A Comparison of Learners’ Affect and Behaviors While Using an Intelligent Tutor and an Educational Game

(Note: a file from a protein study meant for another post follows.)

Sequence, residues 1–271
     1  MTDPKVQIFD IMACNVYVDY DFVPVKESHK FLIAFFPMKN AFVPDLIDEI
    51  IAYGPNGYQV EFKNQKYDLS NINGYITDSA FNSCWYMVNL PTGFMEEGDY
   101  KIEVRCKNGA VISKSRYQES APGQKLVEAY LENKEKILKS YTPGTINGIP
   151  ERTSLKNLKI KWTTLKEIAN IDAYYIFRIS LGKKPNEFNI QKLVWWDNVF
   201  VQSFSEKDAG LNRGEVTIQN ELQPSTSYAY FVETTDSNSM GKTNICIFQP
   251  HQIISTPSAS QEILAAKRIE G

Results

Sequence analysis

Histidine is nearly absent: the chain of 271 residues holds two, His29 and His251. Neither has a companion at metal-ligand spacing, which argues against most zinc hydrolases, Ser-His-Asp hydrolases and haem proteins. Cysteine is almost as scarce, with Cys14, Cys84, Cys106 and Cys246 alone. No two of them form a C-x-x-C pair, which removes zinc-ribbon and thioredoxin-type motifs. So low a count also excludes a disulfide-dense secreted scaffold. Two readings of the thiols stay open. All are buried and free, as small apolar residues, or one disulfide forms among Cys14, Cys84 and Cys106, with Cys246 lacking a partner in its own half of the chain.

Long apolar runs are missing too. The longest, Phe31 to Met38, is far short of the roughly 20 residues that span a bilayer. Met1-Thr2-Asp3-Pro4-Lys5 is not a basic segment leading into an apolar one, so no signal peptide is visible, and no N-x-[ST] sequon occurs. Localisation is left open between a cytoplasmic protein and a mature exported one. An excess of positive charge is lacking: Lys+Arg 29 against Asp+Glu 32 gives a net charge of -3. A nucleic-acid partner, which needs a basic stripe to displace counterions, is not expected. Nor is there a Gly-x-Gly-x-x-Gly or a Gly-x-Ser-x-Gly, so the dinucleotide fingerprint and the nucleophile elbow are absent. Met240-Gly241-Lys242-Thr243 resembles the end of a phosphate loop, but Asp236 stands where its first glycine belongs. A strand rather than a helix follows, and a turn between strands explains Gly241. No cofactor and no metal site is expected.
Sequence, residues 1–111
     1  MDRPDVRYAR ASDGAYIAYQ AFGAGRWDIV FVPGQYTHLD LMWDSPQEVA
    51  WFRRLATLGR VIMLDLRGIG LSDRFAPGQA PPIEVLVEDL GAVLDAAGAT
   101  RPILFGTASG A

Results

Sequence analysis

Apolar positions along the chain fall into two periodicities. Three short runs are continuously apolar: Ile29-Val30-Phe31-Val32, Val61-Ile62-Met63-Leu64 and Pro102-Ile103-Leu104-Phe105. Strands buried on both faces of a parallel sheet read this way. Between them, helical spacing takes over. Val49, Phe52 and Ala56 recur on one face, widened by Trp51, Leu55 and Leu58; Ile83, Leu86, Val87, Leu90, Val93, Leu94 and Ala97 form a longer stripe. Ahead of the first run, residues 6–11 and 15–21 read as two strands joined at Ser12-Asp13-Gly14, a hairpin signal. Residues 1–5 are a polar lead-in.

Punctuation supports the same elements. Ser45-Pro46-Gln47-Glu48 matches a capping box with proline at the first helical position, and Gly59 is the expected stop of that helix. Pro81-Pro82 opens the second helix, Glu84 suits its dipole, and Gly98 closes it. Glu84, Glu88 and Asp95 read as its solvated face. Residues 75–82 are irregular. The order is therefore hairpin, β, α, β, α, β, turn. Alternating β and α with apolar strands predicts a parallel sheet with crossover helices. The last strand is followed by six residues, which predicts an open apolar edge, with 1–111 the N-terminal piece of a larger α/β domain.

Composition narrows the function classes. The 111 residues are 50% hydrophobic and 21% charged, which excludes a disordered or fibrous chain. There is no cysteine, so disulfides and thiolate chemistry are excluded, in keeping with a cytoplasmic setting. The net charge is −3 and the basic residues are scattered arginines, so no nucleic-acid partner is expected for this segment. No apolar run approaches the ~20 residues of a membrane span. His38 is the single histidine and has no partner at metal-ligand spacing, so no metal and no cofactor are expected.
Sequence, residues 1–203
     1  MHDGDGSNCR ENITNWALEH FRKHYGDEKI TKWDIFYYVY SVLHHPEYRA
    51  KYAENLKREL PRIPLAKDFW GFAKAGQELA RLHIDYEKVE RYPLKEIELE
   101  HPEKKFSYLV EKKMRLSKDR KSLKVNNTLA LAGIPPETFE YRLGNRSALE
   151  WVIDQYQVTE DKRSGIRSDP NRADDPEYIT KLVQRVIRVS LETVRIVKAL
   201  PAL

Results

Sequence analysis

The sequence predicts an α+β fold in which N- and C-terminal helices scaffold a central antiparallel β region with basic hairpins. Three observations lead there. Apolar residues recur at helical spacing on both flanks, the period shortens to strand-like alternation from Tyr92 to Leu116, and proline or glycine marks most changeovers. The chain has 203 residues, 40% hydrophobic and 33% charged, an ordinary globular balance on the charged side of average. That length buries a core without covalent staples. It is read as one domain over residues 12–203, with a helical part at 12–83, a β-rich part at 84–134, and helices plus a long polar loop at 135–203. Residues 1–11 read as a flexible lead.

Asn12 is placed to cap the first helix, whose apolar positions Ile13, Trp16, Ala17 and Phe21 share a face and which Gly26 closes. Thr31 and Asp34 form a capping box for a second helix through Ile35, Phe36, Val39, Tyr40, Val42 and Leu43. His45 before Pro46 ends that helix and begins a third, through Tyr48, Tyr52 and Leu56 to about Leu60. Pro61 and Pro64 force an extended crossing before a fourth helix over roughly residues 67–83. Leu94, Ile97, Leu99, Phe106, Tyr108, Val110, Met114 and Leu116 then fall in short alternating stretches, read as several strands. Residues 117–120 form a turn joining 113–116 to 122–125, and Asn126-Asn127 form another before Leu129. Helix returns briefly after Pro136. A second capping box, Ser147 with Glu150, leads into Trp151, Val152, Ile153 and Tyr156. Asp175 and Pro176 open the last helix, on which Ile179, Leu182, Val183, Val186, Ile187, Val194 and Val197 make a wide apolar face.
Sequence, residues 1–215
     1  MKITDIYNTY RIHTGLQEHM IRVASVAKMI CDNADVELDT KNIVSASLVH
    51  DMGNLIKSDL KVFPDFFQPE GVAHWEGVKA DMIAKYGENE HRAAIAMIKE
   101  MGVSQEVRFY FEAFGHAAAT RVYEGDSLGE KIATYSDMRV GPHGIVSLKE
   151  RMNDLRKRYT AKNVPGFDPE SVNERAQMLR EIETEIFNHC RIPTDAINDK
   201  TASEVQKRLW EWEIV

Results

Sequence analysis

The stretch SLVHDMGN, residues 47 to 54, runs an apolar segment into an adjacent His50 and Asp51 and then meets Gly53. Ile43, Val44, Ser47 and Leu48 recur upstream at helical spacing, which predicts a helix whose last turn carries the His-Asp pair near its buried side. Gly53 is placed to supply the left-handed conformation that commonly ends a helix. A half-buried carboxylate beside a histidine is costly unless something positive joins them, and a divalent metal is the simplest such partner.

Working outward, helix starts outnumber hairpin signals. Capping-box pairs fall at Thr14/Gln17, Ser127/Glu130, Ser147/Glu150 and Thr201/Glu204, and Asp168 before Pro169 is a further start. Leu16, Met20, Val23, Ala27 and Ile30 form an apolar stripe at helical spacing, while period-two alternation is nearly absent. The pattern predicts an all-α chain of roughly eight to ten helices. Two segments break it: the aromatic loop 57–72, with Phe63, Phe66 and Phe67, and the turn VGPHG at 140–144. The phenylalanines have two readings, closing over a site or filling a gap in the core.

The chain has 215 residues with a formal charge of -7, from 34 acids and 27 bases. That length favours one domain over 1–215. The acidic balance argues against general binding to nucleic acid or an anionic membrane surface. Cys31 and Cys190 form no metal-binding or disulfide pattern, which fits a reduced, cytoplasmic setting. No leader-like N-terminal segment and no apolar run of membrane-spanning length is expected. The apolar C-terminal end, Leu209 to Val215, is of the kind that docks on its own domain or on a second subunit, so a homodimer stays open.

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We compared the extent to which of students exhibit certain affect states and behaviors while using an intelligent tutoring system, Aplusix, and an educational game, Math Blaster 9-11. We found that students using Math Blaster showed more boredom and less flow than the students who used Aplusix. Despite exhibiting less flow, students using the game spent more time ontask and less time in conversation or in gaming the system (defined as hint abuse or systematic guessing) that those using Aplusix. We were able to associate affective states with certain behaviors. We found that, in Aplusix, gaming the system tended to co-occur with boredom and confusion. In both Aplusix and Math Blaster, confusion and delight tended to dampen on-task behavior but foster on-task conversation. Also in both cases, flow was associated with on-task behavior and is not associated with off-task behaviors. Findings from this study suggest that, regardless of software format, boredom is an undesirable affective state. Flow is clearly desirable. Confusion and delight reduce solitary on-task behavior yet foster greater communication with teachers or classmates. The findings also provide some evidence that, regardless of the affective states they evoke, game formats tend to keep students on-task.